You may be susceptible to developing athlete’s foot, one of the most prevalent fungus infections, whether you’re starting a new exercise regimen or exercising regularly currently.
Understanding how to avoid getting this fungus and how to cure it once you do is crucial.
Where Athletes’ Foot Is Abundant
The fungus that causes athlete’s foot prefers moist conditions and frequently flourishes in hot, muggy surroundings. Athlete’s foot is a fungus that grows in old shoes, baths, showers, gyms, locker rooms, and public swimming pools.
The skin on your feet and in between your toes may crack, peel, and develop tiny blisters as a result of this infection’s itching and burning symptoms.
Preventing Athlete’s Foot
- Put on breathable shoes and let them air dry between uses.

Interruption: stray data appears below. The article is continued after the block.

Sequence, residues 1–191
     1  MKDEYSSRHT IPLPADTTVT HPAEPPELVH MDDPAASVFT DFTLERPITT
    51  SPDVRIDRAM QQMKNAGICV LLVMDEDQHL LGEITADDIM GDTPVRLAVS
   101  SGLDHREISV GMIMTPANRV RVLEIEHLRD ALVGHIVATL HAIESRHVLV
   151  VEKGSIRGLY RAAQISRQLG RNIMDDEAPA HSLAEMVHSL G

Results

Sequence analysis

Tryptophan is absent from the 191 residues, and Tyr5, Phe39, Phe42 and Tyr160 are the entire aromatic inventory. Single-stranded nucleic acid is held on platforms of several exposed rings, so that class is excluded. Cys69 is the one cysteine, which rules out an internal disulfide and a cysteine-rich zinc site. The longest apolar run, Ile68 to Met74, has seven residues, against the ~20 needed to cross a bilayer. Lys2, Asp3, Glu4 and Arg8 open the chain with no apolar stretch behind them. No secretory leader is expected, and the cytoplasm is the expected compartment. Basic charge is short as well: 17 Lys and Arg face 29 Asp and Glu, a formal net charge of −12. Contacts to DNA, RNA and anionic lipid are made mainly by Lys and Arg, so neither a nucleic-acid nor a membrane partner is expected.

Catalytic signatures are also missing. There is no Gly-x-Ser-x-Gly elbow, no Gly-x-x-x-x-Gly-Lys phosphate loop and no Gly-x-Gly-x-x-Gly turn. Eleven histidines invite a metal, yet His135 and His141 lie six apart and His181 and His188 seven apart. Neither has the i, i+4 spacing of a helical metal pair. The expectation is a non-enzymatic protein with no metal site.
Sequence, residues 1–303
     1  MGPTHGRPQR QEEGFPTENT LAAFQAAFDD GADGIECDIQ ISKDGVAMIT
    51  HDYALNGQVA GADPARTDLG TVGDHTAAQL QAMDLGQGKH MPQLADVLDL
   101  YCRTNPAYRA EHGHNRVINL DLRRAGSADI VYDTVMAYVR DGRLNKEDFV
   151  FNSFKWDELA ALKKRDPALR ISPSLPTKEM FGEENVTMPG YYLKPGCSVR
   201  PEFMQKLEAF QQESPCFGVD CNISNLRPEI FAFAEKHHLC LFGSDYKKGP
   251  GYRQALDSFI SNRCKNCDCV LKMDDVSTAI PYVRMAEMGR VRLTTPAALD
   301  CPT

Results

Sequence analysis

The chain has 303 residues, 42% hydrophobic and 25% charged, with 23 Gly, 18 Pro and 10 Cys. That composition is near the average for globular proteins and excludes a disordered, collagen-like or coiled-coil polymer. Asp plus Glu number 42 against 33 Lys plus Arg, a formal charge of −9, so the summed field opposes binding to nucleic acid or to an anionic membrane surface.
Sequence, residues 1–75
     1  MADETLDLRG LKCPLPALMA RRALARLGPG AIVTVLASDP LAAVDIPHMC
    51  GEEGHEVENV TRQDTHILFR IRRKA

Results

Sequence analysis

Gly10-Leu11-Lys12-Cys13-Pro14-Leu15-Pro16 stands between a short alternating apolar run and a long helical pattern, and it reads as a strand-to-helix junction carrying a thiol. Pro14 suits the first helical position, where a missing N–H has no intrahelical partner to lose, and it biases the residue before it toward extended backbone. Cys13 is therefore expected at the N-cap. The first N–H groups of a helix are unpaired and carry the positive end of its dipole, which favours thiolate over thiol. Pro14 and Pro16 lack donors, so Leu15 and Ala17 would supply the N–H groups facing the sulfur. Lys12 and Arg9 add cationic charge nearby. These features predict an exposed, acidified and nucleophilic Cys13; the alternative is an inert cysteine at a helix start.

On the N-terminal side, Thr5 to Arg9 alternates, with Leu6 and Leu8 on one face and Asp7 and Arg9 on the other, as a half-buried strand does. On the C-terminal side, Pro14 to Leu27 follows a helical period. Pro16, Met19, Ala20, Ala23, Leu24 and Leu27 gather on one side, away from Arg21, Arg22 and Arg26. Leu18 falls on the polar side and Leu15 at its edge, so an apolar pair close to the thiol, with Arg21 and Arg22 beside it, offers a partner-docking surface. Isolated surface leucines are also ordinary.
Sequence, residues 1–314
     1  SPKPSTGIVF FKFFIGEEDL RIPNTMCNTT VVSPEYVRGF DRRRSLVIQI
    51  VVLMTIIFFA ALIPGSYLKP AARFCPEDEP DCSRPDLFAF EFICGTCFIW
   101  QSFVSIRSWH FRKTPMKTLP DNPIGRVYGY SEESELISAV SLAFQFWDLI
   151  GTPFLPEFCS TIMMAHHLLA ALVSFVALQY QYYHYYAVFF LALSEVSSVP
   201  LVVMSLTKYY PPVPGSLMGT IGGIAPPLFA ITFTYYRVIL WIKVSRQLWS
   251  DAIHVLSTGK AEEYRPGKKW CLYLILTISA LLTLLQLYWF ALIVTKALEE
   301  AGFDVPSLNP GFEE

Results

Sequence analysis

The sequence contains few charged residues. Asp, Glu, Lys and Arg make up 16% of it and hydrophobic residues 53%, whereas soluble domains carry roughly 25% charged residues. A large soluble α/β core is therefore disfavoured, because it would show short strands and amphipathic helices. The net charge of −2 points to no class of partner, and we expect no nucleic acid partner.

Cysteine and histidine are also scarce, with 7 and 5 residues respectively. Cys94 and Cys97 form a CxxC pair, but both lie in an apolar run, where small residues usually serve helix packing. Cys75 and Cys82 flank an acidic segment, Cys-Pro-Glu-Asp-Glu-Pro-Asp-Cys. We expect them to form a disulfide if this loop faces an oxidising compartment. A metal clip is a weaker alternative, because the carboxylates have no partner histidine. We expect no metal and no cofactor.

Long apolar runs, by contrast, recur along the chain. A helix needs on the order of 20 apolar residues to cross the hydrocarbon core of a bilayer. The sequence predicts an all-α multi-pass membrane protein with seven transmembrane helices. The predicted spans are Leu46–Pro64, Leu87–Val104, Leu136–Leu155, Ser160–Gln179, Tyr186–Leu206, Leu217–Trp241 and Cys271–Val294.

- Only put on your own footwear.
- Discard any shoes you wore while you had foot fungus, and toss away old, worn-out shoes that have perspiration on them.
- Keep your feet dry and give them as much room to breathe as you can.
- Don sock brands like Coolmax or Dri Fit. Your feet are drained of moisture as a result.
Depending on how severe the condition is, athlete’s foot may require a variety of treatments. Consult your doctor at American Foot and Leg if you believe you have a severe case of athlete’s foot as a prescription may be required. A dangerous secondary bacterial infection may develop in some mild cases as they get worse. Consult your doctor right away if you discover that your rash is getting worse, has blisters or sores, or is getting redder, puffy, or painful. However, a topical lotion purchased over the counter might work for a minor case of athlete’s foot. The key to completely eliminating any fungus is to apply the treatments for 4 to 6 weeks. Don’t stop taking it until all the symptoms disappear.